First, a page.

BEND, Ore. - The Bend Park and Recreation District's efforts to transform the Deschutes River access areas in the heart of Bend have been honored with a national award.
The park district has been selected to receive a National “Facility or Park Design Award” by the National Recreation and Park Association for its role in the riverside parks corridor transformation.
The District’s involvement included:
· Acquiring 43.7 acres of property for the Riverbend, Farewell Bend, Miller’s Landing and McKay parks;
· Negotiating easements for the trail (completing key gaps in the 31-mile Deschutes River Trail);
· Collaborating with private property owners;
· Conducting extensive public outreach; and
· Designing and constructing the four parks, trail and the Bend Whitewater Park.
“It was not long ago when the Deschutes River was used only for timber industry purposes and not recreation,” said Don Horton, executive director, Bend Park and Recreation District. “That heritage is important to remember along with the monumental contributions and vision of people like Bill Smith, the Cushman, Miller and Robinson families, Trust for Public Lands and the Bend Paddle Trail Alliance to help residents and visitors enjoy access to the river.”
The District’s total investment in the river corridor project is $18.7 million, including:
· $1.6M for 22-acre Farewell Bend Park including a playground, two river-viewing shelters, beach area and a boardwalk extending into the river with interpretive signage.
· $2.7M for 13-acre Riverbend Park including a large community events venue hosting dozens of events each year and a beach area.
· $1.4M for 4.7-acre Miller’s Landing Park including a community garden, riverside boardwalk, beach area and nature play area.
· $1.1M for 3.9-acre McKay Park including changing rooms, beach area and spectator viewing areas. Expected completion is winter 2017.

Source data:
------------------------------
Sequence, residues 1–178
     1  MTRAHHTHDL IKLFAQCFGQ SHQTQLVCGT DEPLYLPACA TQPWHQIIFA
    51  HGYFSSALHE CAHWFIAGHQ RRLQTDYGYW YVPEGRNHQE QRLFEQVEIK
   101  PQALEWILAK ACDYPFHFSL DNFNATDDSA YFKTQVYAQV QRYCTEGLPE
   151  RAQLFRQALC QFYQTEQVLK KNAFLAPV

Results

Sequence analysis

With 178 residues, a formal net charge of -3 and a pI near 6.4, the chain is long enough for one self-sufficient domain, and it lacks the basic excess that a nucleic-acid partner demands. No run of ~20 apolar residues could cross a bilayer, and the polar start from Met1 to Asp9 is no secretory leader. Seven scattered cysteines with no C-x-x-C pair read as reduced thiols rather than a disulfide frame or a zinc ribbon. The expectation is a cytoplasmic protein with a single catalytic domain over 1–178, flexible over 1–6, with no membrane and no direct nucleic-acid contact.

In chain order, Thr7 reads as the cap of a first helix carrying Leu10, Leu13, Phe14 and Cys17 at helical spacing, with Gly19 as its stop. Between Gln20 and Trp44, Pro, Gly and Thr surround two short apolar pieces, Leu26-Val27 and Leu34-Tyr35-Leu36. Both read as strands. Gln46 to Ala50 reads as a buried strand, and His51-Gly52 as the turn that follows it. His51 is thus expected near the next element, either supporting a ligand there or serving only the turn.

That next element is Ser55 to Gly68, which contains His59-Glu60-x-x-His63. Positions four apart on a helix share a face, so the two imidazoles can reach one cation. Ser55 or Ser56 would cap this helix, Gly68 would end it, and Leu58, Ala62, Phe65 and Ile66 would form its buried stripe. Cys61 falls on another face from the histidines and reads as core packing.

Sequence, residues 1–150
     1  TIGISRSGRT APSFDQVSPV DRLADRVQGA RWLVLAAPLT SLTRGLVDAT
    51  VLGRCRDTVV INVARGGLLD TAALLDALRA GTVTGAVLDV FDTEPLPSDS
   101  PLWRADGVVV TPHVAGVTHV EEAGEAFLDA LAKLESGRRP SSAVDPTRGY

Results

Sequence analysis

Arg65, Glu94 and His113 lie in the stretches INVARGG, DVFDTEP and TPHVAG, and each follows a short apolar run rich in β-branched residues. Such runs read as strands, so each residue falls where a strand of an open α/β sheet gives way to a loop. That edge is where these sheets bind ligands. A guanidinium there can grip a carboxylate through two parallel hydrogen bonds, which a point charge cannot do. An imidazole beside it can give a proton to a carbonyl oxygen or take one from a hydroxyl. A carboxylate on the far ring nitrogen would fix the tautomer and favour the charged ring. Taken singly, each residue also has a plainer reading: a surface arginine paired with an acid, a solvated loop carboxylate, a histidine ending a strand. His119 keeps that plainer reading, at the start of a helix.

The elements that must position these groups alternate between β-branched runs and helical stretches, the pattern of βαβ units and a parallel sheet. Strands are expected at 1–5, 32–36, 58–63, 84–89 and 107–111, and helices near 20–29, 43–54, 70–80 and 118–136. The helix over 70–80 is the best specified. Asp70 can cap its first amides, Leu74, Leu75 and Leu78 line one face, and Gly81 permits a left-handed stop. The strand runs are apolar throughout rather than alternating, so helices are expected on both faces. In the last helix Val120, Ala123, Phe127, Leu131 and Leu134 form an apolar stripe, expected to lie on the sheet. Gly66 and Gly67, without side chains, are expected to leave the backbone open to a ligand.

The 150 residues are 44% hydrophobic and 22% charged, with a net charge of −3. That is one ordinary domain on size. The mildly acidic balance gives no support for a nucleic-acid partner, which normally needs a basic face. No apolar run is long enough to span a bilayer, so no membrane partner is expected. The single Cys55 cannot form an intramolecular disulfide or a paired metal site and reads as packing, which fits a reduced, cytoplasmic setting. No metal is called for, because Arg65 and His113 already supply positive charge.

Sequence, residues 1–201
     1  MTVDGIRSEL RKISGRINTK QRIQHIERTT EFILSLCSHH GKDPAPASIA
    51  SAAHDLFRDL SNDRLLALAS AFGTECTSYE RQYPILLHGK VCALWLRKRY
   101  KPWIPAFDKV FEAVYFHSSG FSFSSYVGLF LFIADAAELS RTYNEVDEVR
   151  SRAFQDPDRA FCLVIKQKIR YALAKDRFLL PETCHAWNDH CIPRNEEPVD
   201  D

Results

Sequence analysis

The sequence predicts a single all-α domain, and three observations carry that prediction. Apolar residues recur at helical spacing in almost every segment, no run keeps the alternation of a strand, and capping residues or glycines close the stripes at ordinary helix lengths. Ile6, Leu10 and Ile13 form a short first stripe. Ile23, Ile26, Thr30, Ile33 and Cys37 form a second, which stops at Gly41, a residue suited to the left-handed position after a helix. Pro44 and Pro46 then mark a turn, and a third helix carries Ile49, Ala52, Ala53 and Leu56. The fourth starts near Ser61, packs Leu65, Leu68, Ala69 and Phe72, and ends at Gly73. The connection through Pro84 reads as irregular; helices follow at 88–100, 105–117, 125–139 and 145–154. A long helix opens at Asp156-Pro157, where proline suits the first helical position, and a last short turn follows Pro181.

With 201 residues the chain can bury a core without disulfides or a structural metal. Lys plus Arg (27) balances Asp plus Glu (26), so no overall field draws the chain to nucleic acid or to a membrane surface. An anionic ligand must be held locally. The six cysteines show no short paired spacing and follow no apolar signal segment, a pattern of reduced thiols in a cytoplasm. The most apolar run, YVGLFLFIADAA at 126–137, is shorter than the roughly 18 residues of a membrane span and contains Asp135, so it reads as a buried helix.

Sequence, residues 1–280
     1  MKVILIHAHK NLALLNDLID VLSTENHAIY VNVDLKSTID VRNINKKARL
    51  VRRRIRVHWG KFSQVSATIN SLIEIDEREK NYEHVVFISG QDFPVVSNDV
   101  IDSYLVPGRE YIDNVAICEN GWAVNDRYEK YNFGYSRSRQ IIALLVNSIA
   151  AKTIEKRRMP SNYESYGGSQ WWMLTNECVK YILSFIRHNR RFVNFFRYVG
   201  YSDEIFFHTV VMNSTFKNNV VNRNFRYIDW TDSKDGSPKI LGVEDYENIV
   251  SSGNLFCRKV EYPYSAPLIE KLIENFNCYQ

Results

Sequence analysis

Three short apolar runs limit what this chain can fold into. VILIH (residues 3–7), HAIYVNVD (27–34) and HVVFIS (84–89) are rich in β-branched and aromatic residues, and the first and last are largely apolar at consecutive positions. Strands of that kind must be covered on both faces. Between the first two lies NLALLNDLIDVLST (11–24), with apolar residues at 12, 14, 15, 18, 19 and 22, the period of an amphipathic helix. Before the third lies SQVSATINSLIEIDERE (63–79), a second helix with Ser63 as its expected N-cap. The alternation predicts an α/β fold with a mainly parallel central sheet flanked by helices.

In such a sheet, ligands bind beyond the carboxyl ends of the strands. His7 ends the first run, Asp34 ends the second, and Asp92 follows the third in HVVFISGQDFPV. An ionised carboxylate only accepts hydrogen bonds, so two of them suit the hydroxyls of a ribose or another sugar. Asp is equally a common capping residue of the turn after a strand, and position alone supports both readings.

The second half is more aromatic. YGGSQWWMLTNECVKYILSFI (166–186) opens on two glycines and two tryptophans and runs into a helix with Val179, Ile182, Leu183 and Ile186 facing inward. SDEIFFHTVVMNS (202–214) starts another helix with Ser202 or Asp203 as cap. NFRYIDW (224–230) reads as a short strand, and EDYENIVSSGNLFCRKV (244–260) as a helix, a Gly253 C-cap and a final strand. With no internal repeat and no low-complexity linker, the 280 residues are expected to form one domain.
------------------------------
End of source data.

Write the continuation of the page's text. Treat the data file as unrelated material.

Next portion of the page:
· $9.7 million for the Bend Whitewater Park, including three separate channels for floating passageway, whitewater recreation, and habitat area, and a pedestrian bridge.
· $2.2M for accessible river trail improvements including a new undercrossing.
The total District investment would have been larger if not for help from Bill Smith, president of William Smith Properties. Smith sold the 19-acre parcel that became Riverbend Park and the District headquarters for significantly less than market value, saving the District funds to be used for other projects.
“This award is shared with members of our community, because without their input about priorities for parks and recreation, the river development would not be what it is today,” said Horton. “Residents and private businesses have helped identify acquisition and development priorities of our parks, and made it possible for the Bend Whitewater Park and the extension of the Deschutes River Trail through this corridor to be realized.”
Each year, NRPA National Awards are presented to individuals and agencies across the U.S. to honor their efforts in the field of parks and recreation. This year, BPRD was one of six agency award winners. The award will be publicly presented during a special reception at the 2016 NRPA Annual Conference in St. Louis on Oct. 6.
“NRPA is pleased to honor our nation’s park and recreation heroes — agencies and individuals who work tirelessly and with passion to improve the lives of their citizens and make their communities great,” said Barbara Tulipane, president and CEO of NRPA.
A full list of NRPA National Award winners is available at www.nrpa.org/nationalawards.